At both wavelengths, some general trends can be noted. Energy deposition (W) decreases through the epidermis and dermis as the laser beam is attenuated. W is greater in the epidermis than the dermis, and highest in the superficial blood vessels. Decreased W in the dermis is due to the lower absorption coefficient and, to a lesser extent, attenuation in the laser beam as it passes through the epidermis. The large absorption coefficient of blood causes the highest W in the blood vessels at shallow (< 0.3 mm) depths despite attenuation in the epidermis and dermis.
In the smallest (10–20 μm) blood vessels, W appears reasonably constant. This can be explained by the penetration depth (1/[μa+μs(1-g)]) of laser light in blood, which for both wavelengths is about 45 μm. Thus, insufficient attenuation occurs for the effect to be noticeable. In the larger blood vessels, the decrease of W with depth becomes apparent. Also, at a constant depth, W can be greater at the vessel periphery than in the center. The scattering of the incident laser beam in the dermis causes light to enter the vessel from all angles. An interesting feature of this PWS anatomy is the clusters of small blood vessels. Because of competition for light, blood vessels in the center of clusters have reduced W compared to solitary vessels.
A comparison of the results for 532 nm and 585 nm reveals some differences due to the wavelength-dependent optical properties of tissue. At 532 nm, W in the epidermis is greater than at 585 nm. Since temperature rise and damage are related to energy deposition, there may be a greater risk of scarring with 532 nm. Epidermal cooling devices could be used to alleviate adverse effects. The reflectance at 532 nm (16.9 %) is also greater than 585 nm (16.0 %), owing in part to increased epidermal scattering. At 532 nm, blood vessel W is greater at shallow depths, but less at greater depths, than 585 nm. The larger absorption and scattering coefficients of 532 nm light in blood causes increased W at shallow depths. Deeper into the tissue, however, less light is available to the blood vessels. Lasers at both wavelengths (but differing pulse durations, spot sizes, and energies) have been successfully used to treat vascular disorders. [2,14] A complete evaluation of the laser-tissue interaction requires a model which can incorporate laser pulse duration and thermal boundary conditions, including cooling.
The novel optical Monte Carlo program used in this study permits the simulation of photon propagation and energy deposition in arbitrarily complex geometries. A trade-off is made, however, with increased complexity of the tissues studied. The results presented above may present an extremely realistic determination of the energy deposition in this particular PWS, but complexity makes the results more difficult to interpret. Simulation results are also dependent upon the chosen optical property values, a range of which are found in the literature. We are currently developing a thermal model which will complement this optical Monte Carlo model by determining the tissue temperature history and thermal damage accumulation. Together with a non-invasive measurement technique such as optical coherence tomography, these programs may be used to estimate optimal laser parameters for the coagulation of a specific set of in vivo blood vessels.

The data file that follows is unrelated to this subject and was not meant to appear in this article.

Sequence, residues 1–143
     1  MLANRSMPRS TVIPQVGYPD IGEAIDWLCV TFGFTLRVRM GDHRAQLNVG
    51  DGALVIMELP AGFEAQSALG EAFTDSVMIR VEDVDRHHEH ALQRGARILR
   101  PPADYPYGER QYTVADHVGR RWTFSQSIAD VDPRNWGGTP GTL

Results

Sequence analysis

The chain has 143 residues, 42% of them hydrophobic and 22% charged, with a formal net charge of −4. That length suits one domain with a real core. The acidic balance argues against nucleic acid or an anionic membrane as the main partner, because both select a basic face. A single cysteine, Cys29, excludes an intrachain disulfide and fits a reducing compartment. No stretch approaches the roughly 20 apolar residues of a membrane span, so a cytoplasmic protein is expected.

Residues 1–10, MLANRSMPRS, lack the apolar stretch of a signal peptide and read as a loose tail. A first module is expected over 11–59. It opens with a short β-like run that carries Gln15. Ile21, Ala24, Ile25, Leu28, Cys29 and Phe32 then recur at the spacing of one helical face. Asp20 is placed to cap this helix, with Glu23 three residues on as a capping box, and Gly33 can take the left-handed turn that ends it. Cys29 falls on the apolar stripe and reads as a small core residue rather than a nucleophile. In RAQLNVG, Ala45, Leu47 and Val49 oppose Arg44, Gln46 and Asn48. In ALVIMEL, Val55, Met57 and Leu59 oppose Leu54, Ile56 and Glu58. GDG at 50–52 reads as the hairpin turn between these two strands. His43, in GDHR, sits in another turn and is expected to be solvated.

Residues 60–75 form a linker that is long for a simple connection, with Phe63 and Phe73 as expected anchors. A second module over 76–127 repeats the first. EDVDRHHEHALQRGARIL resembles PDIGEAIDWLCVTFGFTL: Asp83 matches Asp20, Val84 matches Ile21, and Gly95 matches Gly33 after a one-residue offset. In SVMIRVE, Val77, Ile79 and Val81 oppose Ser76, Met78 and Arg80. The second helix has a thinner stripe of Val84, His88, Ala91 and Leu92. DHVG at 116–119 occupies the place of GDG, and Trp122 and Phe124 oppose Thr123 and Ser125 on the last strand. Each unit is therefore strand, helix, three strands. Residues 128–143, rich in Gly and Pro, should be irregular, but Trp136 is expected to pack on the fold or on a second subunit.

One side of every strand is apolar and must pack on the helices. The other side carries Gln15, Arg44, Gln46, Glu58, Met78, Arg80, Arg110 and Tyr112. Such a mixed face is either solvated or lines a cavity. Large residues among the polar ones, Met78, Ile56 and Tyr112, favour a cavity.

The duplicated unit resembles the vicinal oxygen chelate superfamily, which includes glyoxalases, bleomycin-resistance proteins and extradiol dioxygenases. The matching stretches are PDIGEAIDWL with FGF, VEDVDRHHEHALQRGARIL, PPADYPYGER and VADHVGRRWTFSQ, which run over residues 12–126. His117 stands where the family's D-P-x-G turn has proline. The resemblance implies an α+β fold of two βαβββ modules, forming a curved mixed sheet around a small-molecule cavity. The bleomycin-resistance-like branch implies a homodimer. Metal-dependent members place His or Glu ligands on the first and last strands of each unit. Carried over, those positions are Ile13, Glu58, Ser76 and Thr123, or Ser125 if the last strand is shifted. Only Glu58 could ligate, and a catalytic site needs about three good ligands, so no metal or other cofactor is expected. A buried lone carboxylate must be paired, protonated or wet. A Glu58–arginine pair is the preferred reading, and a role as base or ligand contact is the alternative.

Funding for this research was provided in part by grants from the Office of Naval Research Free Electron Laser Biomedical Science Program (N00014-91-J-1564), Department of Energy Center of Excellence for Medical Laser Applications (DE-FG03-95ER 61971), National Institutes of Health (R29-AR41638, R01-AR42437, R01-AR43419) and the Albert and Clemmie Caster Foundation.
References and links
2. O.T. Tan, P. Morrison, and A.K. Kurban “585 nm for the treatment of port-wine stains,” Plastic and Reconstructive Surg. 86, 1112–1117 (1990).
3. J.M. Garden, O.T. Tan, R. Kerschmann, J. Boll, H. Furumoto, R.R. Anderson, and J.A. Parrish. “Effect of dye laser pulse duration on selective cutaneous vascular injury.” J. Invest. Dermatol. 87, 653–657 (1986). [CrossRef] [PubMed]
7. C.C. Dierickx, J.M. Casparian, V. Venugopalan, W.A. Farinelli, and R.R. Anderson, “Thermal relaxation of port-wine stain vessels probed in vivo: the need for 1-10-millisecond laser pulse treatment,” J. Invest. Dermatol. 105, 709–714 (1995). [CrossRef] [PubMed]
9. T.J. Pfefer, J.K. Barton, E.K. Chan, M.G. Ducros, B.S. Sorg, T.E. Milner, J.S. Nelson, and A.J. Welch, “A three-dimensional modular adaptable grid numerical model for light propagation during laser irradiation of skin tissue,” IEEE J. Sel. Top. Quantum. Electron. 2, 934–942 (1996). [CrossRef]
10. S.L. Jacques and L. Wang, “Monte Carlo modeling of light transport in tissues,” in Optical-Thermal Response of laser-irradiated tissue, A.J. Welch and M.J.C. van Gemert, ed. (Plenum Press, New York1995).
11. D.J. Smithies, M.J.C. van Gemert, M.K. Hansen, T.E. Milner, and J.S. Nelson, “Three-dimensional reconstruction of port wine stain vascular anatomy from serial histological sections,” Phys. Med. Biol. 12, 1013–17 (1997).
12. M.J.C. van Gemert, A.J. Welch, J.W. Pickering, and O.T. Tan, “Laser treatment of port wine stains,” in Optical-Thermal Response of laser-irradiated tissue, A.J. Welch and M.J.C. van Gemert, ed. (Plenum Press, New York1995).
13. G.W. Lucassen, W. Verkruysse, M. Keijzer, and M.J.C. van Gemert. “Light distributions in a port wine stain model containing multiple cylindrical and curved blood vessels,” Lasers Surg. Med. 19, 345–357 (1996). [CrossRef]